Review – The Language of Food: A Linguist Reads the Menu by Dan Jurafsky

language-of-foodThe Language of Food: A Linguist Reads the Menu
by Dan Jurafsky
W. W. Norton & Company, 2014

Fresh. Delicious. Perfectly cooked (oh, how I hate that one). The way we talk about food, especially how it’s described on menus, plays a huge role in how much we’re going to end up paying for those same dishes.

Dan Jurafsky’s amusing and informative book The Language of Food looked at thousands of menus from all types of restaurants. Fancy restaurants with “five-dollar” words on the menu charge more money for their dishes, But beware any place telling you the food is fresh, real (as in maple syrup), or crispy – because don’t you already assume that the food in restaurants is fresh and real? As Willy Shakes said, “I think thou doth protest too much.”

Menus aren’t the only thing Jurafsky, a professor of linguistics at Stanford University discusses in his book. He spends a lot of time looking at the origin of food words and how they morphed as food culture was carried with explorers to new countries. Ice cream, for instance, started as flavoured syrups used in drinks in the Middle East and Persia. Then the Chinese discovered that salt-peter used in gun powder made ice really, really cold and that process also moved east where it was used on those syrups to make the frozen treat sherbet. It didn’t take long for someone to start flavouring milk and cream and using the same process, and voila – ice cream.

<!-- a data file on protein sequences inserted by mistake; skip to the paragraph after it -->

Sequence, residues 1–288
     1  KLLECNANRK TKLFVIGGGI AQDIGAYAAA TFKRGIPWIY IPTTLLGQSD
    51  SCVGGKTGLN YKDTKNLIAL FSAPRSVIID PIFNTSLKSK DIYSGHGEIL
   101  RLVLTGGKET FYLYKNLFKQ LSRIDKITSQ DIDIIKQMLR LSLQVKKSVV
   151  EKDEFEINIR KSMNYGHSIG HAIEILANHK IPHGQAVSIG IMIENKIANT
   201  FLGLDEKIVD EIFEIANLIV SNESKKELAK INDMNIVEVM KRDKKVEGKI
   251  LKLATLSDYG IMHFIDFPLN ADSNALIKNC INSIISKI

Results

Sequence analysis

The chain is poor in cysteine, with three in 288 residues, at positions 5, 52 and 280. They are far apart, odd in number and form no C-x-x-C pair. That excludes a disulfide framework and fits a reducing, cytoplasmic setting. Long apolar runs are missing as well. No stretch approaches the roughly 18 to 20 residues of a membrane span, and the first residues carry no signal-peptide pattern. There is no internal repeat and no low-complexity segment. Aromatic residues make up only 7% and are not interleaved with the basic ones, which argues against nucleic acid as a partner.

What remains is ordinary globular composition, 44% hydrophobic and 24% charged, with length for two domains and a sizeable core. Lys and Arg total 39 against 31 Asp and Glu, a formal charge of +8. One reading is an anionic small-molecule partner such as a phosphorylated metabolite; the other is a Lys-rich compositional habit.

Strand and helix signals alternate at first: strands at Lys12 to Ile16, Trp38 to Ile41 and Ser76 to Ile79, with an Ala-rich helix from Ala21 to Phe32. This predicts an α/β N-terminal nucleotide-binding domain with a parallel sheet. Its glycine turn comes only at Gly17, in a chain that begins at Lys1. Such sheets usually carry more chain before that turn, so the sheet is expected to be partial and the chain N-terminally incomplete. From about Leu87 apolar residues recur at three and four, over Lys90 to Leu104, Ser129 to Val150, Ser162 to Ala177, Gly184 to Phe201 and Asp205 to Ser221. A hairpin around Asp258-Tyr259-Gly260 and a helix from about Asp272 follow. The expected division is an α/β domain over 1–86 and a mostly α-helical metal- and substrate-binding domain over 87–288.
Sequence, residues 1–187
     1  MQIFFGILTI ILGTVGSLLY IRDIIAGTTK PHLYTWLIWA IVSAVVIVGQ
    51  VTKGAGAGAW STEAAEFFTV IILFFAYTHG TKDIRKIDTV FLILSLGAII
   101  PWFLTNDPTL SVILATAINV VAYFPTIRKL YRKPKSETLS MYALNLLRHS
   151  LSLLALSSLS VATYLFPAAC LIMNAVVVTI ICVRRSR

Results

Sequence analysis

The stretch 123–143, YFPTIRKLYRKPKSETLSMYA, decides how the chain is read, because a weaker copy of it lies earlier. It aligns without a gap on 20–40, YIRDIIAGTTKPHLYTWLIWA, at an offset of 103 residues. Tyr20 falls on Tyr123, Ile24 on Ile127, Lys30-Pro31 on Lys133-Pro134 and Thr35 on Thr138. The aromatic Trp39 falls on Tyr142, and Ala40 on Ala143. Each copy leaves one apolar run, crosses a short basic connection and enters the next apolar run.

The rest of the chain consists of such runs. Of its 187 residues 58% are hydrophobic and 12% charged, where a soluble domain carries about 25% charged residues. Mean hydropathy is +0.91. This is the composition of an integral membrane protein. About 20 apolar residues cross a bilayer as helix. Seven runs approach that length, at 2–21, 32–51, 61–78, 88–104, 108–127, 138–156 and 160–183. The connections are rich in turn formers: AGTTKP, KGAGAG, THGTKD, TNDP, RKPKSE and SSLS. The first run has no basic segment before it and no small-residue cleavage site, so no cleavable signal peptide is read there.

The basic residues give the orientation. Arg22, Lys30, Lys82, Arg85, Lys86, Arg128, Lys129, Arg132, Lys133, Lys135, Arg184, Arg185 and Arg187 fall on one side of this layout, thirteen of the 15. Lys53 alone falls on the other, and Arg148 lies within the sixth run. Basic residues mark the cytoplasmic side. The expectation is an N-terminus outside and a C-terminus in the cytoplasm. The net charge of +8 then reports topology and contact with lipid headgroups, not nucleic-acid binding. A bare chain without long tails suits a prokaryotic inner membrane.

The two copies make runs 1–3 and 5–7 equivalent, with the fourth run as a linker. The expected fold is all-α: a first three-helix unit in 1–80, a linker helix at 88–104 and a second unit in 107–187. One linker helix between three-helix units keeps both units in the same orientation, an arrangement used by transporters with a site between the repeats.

Continue reading “Review – The Language of Food: A Linguist Reads the Menu by Dan Jurafsky”

Lucky Dip – Wednesday, June 22nd, 2011

There’s a fungus among us. That black gunk in the bottom of your dishwasher, the result of bits of food and less harsh, environmentally-friendly detergents, could make you sick. [Toronto Star]

You know that list that came out recently about the foods with the most pesticides? That list is based on the pesticide residue that reaches consumers; some of the “best” produce in terms of amount of pesticide that reaches the consumers are the very worst items in terms of pesticide exposure for farm workers. [Grist]

Free bread at restaurants – a nice, hospitable gesture or an environmental disaster? [Globe and Mail]

Is your server on auto-pilot? [Inside Scoop SF]

Farm up, not out. But someone’s gotta go first and actually do it. [The Grid]

Continue reading “Lucky Dip – Wednesday, June 22nd, 2011”